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Election 2024: MFWA trains journalists on hate speech and political propaganda

 The Media Foundation for West Africa (MFWA) has organized two-day knowledge and skills-enhancing training on hate speech and political propaganda for some selected journalists in the Ashanti region.

The goal of the program was to give journalists the skills and information they would need to stop the spread of false information in the run-up to the general elections in 2024.

In addition, it was intended to lessen the prevalence of hate speech and other divisive stories that threaten peace, stability, and social cohesion, particularly in light of the upcoming general elections.

Under the theme ‘Countering hate speech and polarizing narratives to foster democratic consolidation and peace in Ghana’, it was held on Tuesday, May 21, 2024, and Wednesday, May 22, 2024.

The Ashanti region training was one of the training series organized by MFWA across the 16 regions in Ghana to ensure violence-free 2024 elections, which has been regarded as a “heated electoral contest”.

Among the topics the journalists were trained on were the understanding of violence extremism, conflict sensitive reporting, mis/disinformation disorder and fact-checking.

Senior Program Officer at the Media Foundation for West Africa (MFWA), Kwaku Krobea Asante, elaborating on the significance of the training stressed how information sharing by journalists in conflict or violent reporting might lead to conflicts.

“The media becomes the medium through which electoral activities happen, it is through which the MFWA decided to train journalists to build their capacities on  conflict sensitive resolution, peace journalism and fact-based reports so when they are confronted with these challenges, they will know how to deal with them,” he added.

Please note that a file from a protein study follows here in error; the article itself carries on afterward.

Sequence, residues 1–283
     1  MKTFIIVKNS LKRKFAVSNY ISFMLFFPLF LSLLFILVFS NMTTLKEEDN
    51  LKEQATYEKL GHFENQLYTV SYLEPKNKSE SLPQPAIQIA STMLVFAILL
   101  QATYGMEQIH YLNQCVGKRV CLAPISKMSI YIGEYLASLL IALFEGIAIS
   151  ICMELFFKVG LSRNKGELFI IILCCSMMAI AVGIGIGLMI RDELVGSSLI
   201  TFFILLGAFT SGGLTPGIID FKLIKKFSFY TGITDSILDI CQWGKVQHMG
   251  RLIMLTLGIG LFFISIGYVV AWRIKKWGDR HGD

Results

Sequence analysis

On the expectations of journalists after the training, Kwaku Krobea Asante wants them to correct a lot of practices at the newsrooms they are not conscious of, that contribute false narratives, undermining the peace, stability and security the country is enjoying.

“We want the journalists to raise red flags on some of these traditional practices and to instill the culture of verification and fact-checking on information before publishing to avoid electoral violence before, during and after the December 2024 polls,” he stated.

An Academic and Peace building expert from the University of Cape Coast (UCC), Dr Kaderic Noagah Bukari, took the journalists through the causes of electoral conflicts and how to deal with them.

He reminded them of their roles in ensuring that they understand the conflict or the violence at hand, by digging deep to establish accurate information from the sides of the parties before reporting, to avoid political and ethnic conflicts.

Source: Ghana/otecfmghana.com/Francis Appiah

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